In-House at Penthouse

A lot of people thought Bob Guccione was crazy to try to take on Playboy, which had a virtual stranglehold over the men's magazine market. But Guccione believed there was plenty of room for a competitor. He was right.

In October 1965 Guccione published the first issue of Penthouse. The magazine offered a much more revealing look at the female body and took a more sensational, tabloid-style approach to its editorial coverage than Playboy. It was a monumental success, generating more than $3.5 billion in revenue over the life of the publication and turning Guccione into one of the richest men in America.

Guccione then lost it all and is now reportedly broke. His downfall began in the 1980s when he made series of bad investments in everything from a small-scale nuclear fusion reactor to an Atlantic City casino. At the same time, men's magazines came under attack from the Reagan administration, which put pressure on convenience store chains to stop selling pornographic material. Guccione shot back by featuring increasingly explicit pictorials, which alienated many of his loyal readers. The Internet and pay-per-view cable further eroded his circulation. By 2003 Penthouse was bankrupt, and Guccione was out of a job. A group of investors led by Marc Bell acquired the debt and control of the company in 2004 and began the process of rebuilding the brand and expanding its portfolio of offerings.

In March 2005 Bell hired Joshua Bressler to help steer the rebuilding efforts from a legal standpoint. Bressler joined Penthouse after spending more than 13 years as a copyright and trademark lawyer at the New York offices of Kenyon & Kenyon, Schulte Roth & Zabel and then Sullivan & Cromwell. As Penthouse's general counsel, Bressler not only manages the company's copyright and trademark issues, but also counsels management on acquisitions, oversees litigation and negotiates commercial agreements.

Q:How did you end up at Penthouse?
A:One of the lawyers at Schulte with whom I worked got a call from his cousin, who was a recruiter in South Florida. He asked my colleague whether he would be interested in the GC job at Penthouse. My colleague told him there was no way his wife would ever let him work there, but he did know someone who would be interested and gave the recruiter my name.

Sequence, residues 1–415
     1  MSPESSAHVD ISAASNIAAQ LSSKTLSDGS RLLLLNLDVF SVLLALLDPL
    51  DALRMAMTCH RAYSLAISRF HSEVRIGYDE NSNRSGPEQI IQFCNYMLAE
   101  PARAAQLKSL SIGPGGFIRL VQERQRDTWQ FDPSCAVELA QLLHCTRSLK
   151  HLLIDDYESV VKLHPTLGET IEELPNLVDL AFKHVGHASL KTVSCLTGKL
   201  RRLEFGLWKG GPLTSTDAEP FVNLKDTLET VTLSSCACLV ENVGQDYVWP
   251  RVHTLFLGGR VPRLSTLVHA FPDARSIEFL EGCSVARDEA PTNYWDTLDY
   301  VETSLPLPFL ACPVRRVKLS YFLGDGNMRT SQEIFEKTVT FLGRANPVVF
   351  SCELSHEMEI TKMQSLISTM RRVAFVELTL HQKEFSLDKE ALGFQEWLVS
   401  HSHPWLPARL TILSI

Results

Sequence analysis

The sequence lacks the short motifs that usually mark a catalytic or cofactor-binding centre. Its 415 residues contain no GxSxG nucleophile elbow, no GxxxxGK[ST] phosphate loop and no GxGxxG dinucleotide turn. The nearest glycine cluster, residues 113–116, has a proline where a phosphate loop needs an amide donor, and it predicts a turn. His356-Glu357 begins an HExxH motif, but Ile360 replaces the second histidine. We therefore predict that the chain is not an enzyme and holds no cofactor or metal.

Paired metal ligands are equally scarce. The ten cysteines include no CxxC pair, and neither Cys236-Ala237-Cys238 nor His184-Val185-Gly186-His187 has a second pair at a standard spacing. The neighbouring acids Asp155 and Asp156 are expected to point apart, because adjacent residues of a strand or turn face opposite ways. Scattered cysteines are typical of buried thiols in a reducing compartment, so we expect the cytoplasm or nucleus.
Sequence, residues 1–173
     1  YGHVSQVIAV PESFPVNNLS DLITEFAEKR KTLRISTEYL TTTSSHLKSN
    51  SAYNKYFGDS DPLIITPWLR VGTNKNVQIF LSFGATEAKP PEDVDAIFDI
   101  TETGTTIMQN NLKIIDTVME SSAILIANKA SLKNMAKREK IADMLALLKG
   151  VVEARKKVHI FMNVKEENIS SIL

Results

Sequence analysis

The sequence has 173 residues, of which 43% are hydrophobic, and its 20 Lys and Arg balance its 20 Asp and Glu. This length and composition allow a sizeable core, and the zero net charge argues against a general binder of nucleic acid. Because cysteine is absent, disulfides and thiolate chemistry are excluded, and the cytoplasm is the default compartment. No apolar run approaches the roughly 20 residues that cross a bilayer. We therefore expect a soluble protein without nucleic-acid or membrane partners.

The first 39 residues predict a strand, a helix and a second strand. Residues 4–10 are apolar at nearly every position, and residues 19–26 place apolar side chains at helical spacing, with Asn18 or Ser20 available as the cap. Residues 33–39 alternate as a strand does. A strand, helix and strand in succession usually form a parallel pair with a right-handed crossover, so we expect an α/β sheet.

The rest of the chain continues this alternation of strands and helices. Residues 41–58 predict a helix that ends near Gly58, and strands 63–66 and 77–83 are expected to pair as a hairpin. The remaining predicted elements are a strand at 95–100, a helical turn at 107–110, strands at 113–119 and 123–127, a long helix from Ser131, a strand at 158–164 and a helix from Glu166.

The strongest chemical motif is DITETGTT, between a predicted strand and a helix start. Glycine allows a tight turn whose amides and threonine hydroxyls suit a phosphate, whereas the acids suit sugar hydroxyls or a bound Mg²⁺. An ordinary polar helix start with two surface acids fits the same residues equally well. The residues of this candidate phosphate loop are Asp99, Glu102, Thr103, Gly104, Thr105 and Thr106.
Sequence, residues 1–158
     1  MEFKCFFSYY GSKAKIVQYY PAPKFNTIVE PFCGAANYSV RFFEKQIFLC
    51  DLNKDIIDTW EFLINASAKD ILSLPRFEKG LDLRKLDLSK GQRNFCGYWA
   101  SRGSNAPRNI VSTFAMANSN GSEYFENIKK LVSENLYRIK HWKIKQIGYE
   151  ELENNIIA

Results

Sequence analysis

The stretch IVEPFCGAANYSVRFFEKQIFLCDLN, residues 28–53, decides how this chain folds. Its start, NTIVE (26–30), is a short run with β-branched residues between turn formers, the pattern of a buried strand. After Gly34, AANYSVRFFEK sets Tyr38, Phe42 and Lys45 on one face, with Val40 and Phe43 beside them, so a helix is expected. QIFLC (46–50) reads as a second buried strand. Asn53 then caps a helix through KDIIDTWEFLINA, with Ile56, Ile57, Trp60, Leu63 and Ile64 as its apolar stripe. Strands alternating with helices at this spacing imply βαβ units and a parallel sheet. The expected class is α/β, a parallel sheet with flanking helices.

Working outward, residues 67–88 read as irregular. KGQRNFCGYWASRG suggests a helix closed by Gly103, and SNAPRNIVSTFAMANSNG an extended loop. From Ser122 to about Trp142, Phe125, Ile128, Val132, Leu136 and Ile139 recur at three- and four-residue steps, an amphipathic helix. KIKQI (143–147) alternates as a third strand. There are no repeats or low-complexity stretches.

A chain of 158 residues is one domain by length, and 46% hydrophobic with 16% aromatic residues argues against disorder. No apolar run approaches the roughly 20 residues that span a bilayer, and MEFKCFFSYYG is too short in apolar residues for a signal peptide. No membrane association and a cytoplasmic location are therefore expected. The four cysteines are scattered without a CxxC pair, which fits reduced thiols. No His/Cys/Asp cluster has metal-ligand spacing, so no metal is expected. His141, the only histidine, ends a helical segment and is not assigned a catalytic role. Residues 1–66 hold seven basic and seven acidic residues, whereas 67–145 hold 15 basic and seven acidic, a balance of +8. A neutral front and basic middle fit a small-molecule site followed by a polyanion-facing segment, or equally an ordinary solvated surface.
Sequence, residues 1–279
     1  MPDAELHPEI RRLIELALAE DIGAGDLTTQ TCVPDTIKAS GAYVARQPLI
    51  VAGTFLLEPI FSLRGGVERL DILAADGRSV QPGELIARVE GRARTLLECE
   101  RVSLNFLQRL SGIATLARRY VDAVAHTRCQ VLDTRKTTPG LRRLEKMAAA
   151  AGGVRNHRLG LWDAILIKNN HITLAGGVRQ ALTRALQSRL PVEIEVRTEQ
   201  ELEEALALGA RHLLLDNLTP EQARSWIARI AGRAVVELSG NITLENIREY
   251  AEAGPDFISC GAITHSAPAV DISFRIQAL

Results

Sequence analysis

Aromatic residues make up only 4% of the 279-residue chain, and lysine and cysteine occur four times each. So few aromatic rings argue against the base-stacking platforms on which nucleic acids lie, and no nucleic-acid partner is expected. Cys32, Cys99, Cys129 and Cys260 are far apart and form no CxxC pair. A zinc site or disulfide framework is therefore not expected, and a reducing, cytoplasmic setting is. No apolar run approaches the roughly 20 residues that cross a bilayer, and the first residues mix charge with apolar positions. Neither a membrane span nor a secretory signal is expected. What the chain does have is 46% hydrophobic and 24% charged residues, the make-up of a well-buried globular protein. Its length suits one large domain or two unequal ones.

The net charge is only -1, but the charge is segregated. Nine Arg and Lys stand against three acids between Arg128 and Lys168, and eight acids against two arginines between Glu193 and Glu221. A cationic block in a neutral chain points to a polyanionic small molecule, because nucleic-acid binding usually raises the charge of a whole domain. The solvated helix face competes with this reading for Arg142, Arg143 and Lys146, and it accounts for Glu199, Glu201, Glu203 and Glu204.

Q:Was your significant other supportive of your decision to go to Penthouse?
A:My soon-to-be fiancee was an important catalyst to my becoming comfortable with the idea of working at an adult entertainment company. Neither of us is necessarily a consumer of adult products. However, she believed the job was made for me. She convinced me there was no one better suited to do this job.

Q:What was your impression of the publication?
A:I had not seen an issue of Penthouse since college. So my impression was more of a historic image of the magazine. I bought a copy of the magazine before the interview. The content was consistent with what I had expected.

Q:Were you comfortable with the idea of working for an adult entertainment company?
A:The concept of working for Penthouse was something I had to get comfortable with. There wasn't anything compelling to me personally about working for an adult entertainment company. There were several factors that helped me ultimately get to that place. Personally, my values gravitate toward a firm protection of speech and the expression of it. So I think politically my ideology fits with the company. The other issue was that job was a perfect match in terms of my experience.

Q:How so?
A:The Penthouse brand is known throughout the world. It is one of the premier brands in its space. As a trademark lawyer, that presents challenges and opportunities that very few brands can offer. We also are a content company. As a copyright lawyer--and as a person skilled in rights, clearances and rights negotiation--that's an ideal match. The company also was in the process of rebuilding, so there was a lot of transactional work going on. And that was of great interest to me.